Two groups of 1 and 3 year-old nursery school children were observed using ethological method. Children's interactions over objects possessed by one of them were recorded. The data was analysed to find out whether these interactions were organized under rank order like Dominance Hierarchy, or under the principle of respect for occupancy, which make children respect any other possessions. Findings were; 1) Children had established the principle of respect for occupancy as early as 3 years of age, 2) the data couldn't be explained by the concept of rank order or Dominance. It was emphasized that the establishment of the principle didn't mean that children had given up using other's possessions, but that they came to be able to share the object in order to play together.
The purpose of this study was to investigate the effects of details in a story on interestingness and comprehension. Seventh-grade students were assigned to one of 3 groups reading versions of the same plot story, which were manipulated the degree of details and in the part of details: version telling about the plot itself (Ver. P); version telling the details in the plot (Ver. D1); version telling the details independently of the plot (Ver. D2). The degree and quality of interestingness and the relation between interestingness and comprehension were analyzed as follows. 1) The degree of interestingness of Ver. D1 was higher than of the other versions. In particular, the analysis of impression terms showed that Ver. D1 prompted touchingness among many kinds of quality of interestingness. 2) The group of reading Ver. D1 showed more particular comprehension of the character's personality than the other groups. 3) A significant correlation was seen between the degree of interestingness and the particularity of comprehension of the characters.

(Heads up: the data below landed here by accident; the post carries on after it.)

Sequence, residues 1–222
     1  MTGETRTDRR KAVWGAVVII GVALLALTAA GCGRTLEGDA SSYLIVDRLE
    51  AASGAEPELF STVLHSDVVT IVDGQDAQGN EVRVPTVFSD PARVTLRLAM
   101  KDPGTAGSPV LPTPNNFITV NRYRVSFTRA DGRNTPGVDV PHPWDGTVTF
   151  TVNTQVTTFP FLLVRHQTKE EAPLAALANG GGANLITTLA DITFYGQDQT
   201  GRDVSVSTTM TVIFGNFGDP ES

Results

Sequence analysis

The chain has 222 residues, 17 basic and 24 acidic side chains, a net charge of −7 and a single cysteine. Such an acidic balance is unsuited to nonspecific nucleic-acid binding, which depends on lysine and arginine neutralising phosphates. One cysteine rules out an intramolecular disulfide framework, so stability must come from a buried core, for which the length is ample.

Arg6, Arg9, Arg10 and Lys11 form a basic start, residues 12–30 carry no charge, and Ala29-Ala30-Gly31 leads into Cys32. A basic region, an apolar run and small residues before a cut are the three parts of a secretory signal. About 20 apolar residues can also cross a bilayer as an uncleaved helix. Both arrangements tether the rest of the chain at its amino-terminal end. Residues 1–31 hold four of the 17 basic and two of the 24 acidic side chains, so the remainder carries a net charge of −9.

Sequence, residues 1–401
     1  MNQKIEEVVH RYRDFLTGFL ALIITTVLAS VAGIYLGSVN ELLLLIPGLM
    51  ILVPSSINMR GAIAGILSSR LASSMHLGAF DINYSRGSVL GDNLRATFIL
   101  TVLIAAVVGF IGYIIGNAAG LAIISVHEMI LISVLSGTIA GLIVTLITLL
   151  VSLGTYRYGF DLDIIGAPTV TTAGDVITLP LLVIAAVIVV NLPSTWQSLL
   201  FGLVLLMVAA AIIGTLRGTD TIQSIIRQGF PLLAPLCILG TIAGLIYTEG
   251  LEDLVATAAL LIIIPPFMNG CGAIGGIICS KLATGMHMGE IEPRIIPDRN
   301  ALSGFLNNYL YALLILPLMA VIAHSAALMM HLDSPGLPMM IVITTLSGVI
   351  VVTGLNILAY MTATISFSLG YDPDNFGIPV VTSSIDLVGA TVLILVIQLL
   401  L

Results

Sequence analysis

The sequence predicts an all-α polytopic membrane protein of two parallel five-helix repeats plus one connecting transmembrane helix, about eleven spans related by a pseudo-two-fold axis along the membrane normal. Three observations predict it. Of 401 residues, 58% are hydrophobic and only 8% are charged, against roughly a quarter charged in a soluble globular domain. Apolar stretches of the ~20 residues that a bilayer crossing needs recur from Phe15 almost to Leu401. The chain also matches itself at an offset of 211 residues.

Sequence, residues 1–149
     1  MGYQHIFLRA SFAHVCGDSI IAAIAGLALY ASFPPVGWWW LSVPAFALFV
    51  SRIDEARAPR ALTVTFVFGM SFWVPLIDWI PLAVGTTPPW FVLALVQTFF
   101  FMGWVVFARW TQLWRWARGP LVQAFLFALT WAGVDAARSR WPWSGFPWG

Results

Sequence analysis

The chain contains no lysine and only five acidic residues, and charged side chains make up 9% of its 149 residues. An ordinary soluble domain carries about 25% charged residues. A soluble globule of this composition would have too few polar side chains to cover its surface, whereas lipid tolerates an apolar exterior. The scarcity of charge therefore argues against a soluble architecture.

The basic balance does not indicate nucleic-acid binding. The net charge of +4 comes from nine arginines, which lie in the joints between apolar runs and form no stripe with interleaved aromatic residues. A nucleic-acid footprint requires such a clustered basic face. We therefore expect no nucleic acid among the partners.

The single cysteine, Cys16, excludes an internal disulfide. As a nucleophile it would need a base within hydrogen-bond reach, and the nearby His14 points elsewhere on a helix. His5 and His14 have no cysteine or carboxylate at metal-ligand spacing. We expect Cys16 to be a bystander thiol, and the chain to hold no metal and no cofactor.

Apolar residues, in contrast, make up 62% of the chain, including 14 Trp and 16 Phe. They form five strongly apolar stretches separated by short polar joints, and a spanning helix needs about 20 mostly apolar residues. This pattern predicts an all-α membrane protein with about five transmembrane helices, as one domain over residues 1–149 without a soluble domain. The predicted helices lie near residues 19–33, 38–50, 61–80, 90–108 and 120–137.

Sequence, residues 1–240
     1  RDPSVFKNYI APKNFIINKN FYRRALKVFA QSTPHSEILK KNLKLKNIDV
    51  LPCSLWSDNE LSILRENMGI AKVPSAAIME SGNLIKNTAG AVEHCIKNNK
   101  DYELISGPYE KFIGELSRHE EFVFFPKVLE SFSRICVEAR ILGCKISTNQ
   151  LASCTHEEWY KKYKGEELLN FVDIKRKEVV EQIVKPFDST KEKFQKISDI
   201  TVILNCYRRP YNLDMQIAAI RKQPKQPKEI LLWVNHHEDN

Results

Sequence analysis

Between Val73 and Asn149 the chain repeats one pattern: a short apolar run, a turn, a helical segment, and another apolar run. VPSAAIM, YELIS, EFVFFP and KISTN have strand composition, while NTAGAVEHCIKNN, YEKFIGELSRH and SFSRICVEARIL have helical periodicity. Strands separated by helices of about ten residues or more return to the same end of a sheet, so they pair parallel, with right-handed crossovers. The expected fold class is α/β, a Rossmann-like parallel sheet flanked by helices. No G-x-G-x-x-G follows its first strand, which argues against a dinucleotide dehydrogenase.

It is generally recognized that people tends to select more confirmative strategy (seaching for confirming evidences) than falsificative strategy (searching for falsifying evidences) in hypothesis-testing. Such tendency is also assumed to explain the difficulty of the four-card problem (FCP) because hypothesis-testing is explicit in an ordinary FCP problem-type. Therefore problem-type in which hypothesis-testing is implicit will facilitate a selection of falsificative strategy. In a present study two FCP problem-types were set to undergraduates: a proposition-testing type and an example-testing type. The main results were as follows: (1) in the example-testing type, falsificative strategy was selected most; and no confirmative strategy was seen; (2) the problem-types had no effect in the arbitrary propositions (having the arbitrary connection between the antecedent and consequent); and (3) selection of falsificative strategy in the example-testing type was seen essential to its selection in the proposition-testing type. These results suggested that it was premature to deny thematic material effect in FCP, and responses to FCP could be interpreted by the Vygotsky's zone of proximal development.
This study was an attempt to investiga te why and how writers have reflections in writing opinion essays. This article focused on the processes of writers' examining, clarifying, and organizing knowledge in reflection. Previous studies had pointed out the importance of discourse knowledge in reflective writing. This study attempted to show the important role of task situation (i.e. relations between writers and readers, ideas they have, kind of text writers produce, content of the assertion) in reflection. In this experiment, Ss were assigned to one of three treatment groups (one writing with task situation, another writing without such situation but with the instruction to use discourse knowledge, and the control group) to examine effects of task situation and discourse knowledge. The major results were as follows: 1) Task situation activated persuasion schema which played a role as a perspective for writers to examine, to clarify and to organize knowledge in writing. 2) Given the instruction to use discourse knowledge without task situation, writers rarely organized knowledge coherently or held global reflective process.